private int y;
       public C (int i, int j)
       {
                 x = i;
                 y = j;
       }
       public void display ()     
       {
               Console.WriteLine(x + "i+" + y);
       }
}

Example of Destructor

class D
{
        public D ()
        {
            // constructor
        }         
        ~D ()
        {
           // Destructor
        }
}

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507 comments :

«Oldest   ‹Older   401 – 507 of 507   Newer›   Newest»
Dholu Sachin said...

thanks

kamar rahi said...
This comment has been removed by the author.
kamar rahi said...

very useful article.. good job suresh

Vamsi G said...

very nice

mdsam786 said...

good explains

Anonymous said...

very nice article for brush up your concepts....

ashwin patel said...

Good work Suresh :)

Ganga Rachakonda said...

thanx for article it useful to understand the concept easily

Anonymous said...

Sweet and simple ... thank you very much

Anonymous said...

good work....!!
Mr.suresh g......

Anonymous said...

Good Article

Anonymous said...

Dat ws vry well organised...n helped a lot....thanks!!!

Arvind Pandey said...

Salute sir very nice articals

Arvind Pandey said...

Nice Jobs for your junior Brother

Anonymous said...

Nice article...Good Analyze OOPS

Ravendra Singh said...

Good ........

Please Describe the Abstract class and Interface.

And different between both

bairagi gouda said...

It is a very useful article.Thank you suresh ... :)

Anonymous said...

Nice, Please keep updating lot of concepts

thanks

james camaroon said...

Very Good Article. Its very simple and easy. Good job dude.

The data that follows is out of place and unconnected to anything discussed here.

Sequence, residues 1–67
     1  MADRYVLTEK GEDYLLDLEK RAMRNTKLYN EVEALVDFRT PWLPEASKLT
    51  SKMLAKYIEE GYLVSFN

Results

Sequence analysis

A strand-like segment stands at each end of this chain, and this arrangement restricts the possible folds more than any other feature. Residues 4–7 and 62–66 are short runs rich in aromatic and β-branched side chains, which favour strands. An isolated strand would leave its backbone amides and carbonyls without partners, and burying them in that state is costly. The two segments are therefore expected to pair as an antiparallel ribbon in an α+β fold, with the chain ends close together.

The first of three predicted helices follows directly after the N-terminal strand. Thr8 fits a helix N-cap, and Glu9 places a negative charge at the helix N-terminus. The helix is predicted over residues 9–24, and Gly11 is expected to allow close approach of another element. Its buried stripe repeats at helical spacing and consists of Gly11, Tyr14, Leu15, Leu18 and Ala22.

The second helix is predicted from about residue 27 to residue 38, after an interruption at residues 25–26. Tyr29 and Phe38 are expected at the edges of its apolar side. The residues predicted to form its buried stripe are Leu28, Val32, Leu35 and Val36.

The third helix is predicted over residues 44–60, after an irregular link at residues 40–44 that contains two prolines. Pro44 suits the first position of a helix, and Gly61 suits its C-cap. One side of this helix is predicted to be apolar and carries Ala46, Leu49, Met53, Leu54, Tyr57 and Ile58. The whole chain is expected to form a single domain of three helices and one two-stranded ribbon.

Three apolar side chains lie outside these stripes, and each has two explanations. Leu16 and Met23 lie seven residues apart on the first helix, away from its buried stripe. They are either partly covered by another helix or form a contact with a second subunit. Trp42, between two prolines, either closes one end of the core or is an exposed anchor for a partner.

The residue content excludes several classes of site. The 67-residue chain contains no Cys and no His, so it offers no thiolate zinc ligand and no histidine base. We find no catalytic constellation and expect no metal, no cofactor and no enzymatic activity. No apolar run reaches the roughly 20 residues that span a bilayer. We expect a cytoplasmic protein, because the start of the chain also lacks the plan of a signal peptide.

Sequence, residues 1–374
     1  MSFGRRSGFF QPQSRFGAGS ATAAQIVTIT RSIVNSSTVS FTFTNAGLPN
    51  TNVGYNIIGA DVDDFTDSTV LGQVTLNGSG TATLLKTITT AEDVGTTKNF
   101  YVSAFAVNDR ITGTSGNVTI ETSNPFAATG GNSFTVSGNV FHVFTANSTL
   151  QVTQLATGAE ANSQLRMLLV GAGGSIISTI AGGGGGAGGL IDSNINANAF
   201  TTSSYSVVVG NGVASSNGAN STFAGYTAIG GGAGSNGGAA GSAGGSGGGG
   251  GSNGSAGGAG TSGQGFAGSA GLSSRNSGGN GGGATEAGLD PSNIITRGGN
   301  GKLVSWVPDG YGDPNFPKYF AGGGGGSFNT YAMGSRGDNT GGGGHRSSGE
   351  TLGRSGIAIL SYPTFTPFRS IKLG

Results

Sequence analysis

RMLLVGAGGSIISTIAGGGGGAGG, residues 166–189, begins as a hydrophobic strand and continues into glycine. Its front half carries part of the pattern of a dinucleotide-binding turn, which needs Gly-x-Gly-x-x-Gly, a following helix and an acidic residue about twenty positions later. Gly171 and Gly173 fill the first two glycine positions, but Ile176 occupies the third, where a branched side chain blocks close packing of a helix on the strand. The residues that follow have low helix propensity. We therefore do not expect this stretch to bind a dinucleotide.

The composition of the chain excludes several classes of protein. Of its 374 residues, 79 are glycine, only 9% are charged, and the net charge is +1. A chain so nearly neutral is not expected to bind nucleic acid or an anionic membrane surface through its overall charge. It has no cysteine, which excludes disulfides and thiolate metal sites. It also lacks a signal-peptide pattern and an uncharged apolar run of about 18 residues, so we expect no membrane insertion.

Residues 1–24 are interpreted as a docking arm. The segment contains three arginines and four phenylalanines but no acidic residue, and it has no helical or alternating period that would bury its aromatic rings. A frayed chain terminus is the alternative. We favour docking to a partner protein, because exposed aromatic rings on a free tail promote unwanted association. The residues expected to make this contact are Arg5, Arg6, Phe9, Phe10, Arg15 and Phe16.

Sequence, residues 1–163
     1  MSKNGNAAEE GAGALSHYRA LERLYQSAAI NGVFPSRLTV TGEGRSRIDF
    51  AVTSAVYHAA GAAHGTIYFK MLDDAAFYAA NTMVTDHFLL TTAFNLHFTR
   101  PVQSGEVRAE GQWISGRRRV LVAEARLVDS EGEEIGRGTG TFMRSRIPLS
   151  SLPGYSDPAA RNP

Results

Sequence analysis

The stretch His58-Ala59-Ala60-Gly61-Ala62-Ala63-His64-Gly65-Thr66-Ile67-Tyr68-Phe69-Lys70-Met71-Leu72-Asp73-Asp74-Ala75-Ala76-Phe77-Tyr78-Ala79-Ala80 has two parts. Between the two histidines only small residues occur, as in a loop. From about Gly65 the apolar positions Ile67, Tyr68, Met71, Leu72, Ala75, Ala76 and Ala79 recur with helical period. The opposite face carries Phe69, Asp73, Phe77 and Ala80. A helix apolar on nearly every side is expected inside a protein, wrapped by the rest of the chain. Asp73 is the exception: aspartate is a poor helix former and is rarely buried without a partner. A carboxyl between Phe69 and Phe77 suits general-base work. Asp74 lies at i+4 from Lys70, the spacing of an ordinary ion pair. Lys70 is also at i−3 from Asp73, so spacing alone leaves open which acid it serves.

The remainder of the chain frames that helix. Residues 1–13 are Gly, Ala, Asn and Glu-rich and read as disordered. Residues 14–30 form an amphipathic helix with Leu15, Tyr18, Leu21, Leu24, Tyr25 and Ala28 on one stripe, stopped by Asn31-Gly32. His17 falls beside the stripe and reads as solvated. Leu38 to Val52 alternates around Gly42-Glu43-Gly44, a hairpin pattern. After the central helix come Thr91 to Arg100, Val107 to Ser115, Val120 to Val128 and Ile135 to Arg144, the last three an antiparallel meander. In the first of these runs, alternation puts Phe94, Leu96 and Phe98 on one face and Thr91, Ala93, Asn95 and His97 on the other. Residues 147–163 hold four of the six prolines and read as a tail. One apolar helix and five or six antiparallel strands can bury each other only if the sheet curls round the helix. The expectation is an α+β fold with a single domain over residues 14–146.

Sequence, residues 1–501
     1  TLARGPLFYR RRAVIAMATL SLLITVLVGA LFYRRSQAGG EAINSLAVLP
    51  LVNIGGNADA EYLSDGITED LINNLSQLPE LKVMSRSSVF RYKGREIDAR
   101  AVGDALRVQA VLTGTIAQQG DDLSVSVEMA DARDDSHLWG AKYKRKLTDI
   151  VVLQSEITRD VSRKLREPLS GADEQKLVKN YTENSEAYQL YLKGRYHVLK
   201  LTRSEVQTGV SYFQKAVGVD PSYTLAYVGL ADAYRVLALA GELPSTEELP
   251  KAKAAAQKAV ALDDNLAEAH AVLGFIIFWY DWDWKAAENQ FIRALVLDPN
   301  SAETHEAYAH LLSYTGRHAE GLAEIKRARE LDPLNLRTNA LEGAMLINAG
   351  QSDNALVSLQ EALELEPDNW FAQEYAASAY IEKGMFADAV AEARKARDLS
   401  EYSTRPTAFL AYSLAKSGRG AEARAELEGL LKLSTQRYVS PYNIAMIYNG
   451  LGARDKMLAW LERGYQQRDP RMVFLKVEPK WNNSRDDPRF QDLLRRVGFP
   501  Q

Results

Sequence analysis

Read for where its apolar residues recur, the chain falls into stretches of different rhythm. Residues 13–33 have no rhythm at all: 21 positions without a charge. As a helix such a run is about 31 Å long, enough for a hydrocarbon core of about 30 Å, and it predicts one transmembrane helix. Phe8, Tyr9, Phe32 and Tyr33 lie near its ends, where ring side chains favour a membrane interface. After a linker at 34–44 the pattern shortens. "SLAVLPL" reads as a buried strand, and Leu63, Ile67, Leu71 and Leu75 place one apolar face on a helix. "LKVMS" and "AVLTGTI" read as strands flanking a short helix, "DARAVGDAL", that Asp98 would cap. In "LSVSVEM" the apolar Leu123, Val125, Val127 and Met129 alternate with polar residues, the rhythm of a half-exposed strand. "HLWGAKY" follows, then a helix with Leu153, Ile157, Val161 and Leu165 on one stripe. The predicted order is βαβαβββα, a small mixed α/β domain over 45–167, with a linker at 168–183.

naqash zaheer said...

nice work man

manoj savaliya said...

Very Very good explaination....thanx

Rajkumar M said...

I THOUGH COMPARING UR SITE IS VERY USEFUL FOR EVERYBODY
I WANT MORE EFFICIENT PROCESS OF EXAMPLES,
PLEASE LET ME KNOW

Anonymous said...

Good Article!!!

Anonymous said...

Good Explanation
Ranjit
Giridih(JHARKHAND)

Niraj Rajpurohit said...

superb........

Anonymous said...

Thanks a lot for awesome content !!!!!!!!!!

Anonymous said...

It is very helpful for basic oops concepts

Anonymous said...

hats off to u sirji

Thilak said...

It's really nice suresh we expecting more tutorials from your side

Anonymous said...

Good one....

Anonymous said...

Good Job

Anonymous said...

G8t Job..Very useful article with clearunderstanding...

rahul said...

In the method overriding section.
// calling the baesd class method
BaseClass objBC = (BaseClass)objDC;
objDC.Method1();
It is calling the derived method. I also uses objBC.Method1(); it still calling derived method. Can you explain it?

R. K. Yadav said...

It s very useful and easy to understand..Thank you Suresh Ji

Anonymous said...